Identifying novel therapeutic targets for seizures and brain cancers
MetadataShow full item record
Epilepsy describes a range of conditions characterised by unprovoked recurring seizures that are due to multiple factors including the excitatory neurotransmitter glutamate. A subgroup of patients with epilepsy may not respond to systemic treatment and therefore would become candidates for surgical therapy. A less invasive approach is vagal nerve stimulation, which I demonstrated is safe and effective in 100 patients, in the first UK based large case series.
Another group of patients that suffer from intractable epilepsy are those with tumour associated seizures (TAS). In particular, patients diagnosed with glioblastoma multiforme can initially present with unexplained seizures or develop seizures later in the course of the disease. TAS is often pharmaco-resistant and treatment options are limited. Animal models of TAS demonstrated that the systemic Xc- cysteine-glutamate exchange transporter (XCT) antagonist sulfasalazine reduced the frequency of seizures. In human studies of TAS, increased levels of glutamate, reduced excitatory amino acid transporter 2 (EAAT2) expression and reduced XCT were associated with greater frequency of TAS.
We found that EAAT2 single nucleotide mutations correlated with an increased susceptibility to cerebral palsy in pre-term infants, implicating glutamate excess as the underlying cause. Together with evidence of downregulation of EAAT at the peri-tumoural region in TAS, it became evident that glutamate mediated excitotoxicity caused by dysfunctional EAAT2 may be a therapeutic target in such diseases. Therefore, I investigated strategies to modulate the expression of EAAT2, identifying peroxisome proliferator gamma (PPARγ) agonists as a promising candidate.
I utilised Immortalised glioblastoma cell lines to investigate the role of the PPARγ agonist pioglitazone on glutamate transport in vitro. Pioglitazone was chosen for its established safety profile in type 2 diabetes and widely reported anti-neoplastic effects. I demonstrated that pioglitazone increases EAAT2 expression and reduces extracellular concentrations of glutamate in doses that do not affect cell viability. At the time of publication, this work identified a second drug candidate for the treatment of TAS in addition to sulfasalazine, which proved to be potentially unsafe in a clinical trial.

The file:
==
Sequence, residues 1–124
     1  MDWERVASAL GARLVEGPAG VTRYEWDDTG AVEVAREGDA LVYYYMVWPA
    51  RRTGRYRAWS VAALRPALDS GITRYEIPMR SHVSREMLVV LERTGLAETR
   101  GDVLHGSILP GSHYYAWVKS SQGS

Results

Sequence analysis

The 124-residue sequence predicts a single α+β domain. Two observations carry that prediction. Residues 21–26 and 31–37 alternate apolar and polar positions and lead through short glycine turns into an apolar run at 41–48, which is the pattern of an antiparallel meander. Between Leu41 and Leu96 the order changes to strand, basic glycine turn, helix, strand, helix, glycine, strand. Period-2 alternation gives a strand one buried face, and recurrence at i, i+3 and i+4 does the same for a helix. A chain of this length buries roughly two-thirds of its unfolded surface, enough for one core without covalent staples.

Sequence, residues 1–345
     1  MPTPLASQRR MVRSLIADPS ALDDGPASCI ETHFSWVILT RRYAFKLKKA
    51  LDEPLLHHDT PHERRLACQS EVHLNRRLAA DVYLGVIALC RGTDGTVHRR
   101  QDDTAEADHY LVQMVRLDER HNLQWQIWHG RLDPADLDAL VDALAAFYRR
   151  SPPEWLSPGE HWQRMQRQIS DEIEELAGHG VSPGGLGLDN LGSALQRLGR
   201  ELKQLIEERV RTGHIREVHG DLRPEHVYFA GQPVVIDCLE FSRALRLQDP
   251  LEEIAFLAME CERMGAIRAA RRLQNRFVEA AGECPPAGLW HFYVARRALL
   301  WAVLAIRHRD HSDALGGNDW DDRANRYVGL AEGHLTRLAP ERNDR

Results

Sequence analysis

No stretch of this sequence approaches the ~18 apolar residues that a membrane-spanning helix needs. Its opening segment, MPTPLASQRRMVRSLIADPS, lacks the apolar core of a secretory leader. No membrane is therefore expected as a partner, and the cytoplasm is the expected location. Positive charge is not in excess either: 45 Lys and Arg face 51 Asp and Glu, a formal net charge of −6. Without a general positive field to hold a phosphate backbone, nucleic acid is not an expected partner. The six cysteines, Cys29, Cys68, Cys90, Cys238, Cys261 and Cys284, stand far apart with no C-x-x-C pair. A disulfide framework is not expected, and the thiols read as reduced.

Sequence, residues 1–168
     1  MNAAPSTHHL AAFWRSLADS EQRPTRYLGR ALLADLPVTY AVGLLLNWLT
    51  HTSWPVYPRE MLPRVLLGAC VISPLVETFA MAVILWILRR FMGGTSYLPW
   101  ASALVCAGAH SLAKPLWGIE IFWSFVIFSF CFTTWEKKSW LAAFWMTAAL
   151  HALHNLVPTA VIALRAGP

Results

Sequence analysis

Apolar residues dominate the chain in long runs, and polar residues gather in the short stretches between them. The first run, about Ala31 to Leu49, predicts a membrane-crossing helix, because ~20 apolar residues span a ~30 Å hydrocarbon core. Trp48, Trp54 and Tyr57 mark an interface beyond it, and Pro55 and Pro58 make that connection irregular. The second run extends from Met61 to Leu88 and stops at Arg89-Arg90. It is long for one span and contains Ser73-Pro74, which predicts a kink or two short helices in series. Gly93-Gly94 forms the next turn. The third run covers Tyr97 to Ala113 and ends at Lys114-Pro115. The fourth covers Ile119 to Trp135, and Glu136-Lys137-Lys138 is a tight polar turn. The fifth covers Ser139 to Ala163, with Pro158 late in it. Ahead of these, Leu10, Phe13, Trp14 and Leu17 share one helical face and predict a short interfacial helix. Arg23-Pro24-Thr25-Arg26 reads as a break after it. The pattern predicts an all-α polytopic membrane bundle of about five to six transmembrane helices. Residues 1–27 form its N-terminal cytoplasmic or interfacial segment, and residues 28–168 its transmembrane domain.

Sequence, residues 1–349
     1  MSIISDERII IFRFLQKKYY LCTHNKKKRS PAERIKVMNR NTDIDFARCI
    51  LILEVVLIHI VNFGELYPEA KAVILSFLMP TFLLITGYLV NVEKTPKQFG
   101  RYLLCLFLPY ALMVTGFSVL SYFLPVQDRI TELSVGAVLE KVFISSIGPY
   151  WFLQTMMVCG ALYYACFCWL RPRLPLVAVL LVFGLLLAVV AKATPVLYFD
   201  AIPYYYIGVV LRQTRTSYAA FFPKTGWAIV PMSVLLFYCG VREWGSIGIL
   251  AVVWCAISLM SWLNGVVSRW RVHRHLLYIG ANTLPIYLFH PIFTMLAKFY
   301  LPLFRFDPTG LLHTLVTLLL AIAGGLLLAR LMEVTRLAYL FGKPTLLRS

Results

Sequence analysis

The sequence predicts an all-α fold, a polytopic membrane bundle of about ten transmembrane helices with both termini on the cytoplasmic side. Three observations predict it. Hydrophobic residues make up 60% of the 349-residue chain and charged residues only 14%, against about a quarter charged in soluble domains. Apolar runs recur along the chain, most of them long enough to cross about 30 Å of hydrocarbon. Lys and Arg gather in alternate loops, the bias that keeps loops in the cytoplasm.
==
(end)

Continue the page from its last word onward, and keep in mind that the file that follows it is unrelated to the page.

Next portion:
Glioblastoma is associated with a very poor prognosis due to its invasiveness and presence of cancer stem cells. We showed that the use of multimodal MRI can help delineate the invasive margin of glioblastoma but further therapeutic strategies would be needed. As such, my focus shifted to cancer cell migration since glioblastoma is known to be a highly infiltrative and diffuse disease, where glutamate mediate excitotoxicity was thought to facilitate this process. The concept of cancer stem cells offered a new explanation for treatment resistance, where this subpopulation of cells was shown to be resistant to conventional treatments. Further, I demonstrated that neural stem cells are directed by electric fields (EFs). As such, I investigated the role of EFs on both differentiated and cancer stem cells, finding that each cell type had opposing responses to EFs. I subsequently investigated the role of pioglitazone, finding that directed cell migration was inhibited in both cells types, indicating that this drug class may have a further role in preventing glioblastoma recurrence.
The following license files are associated with this item: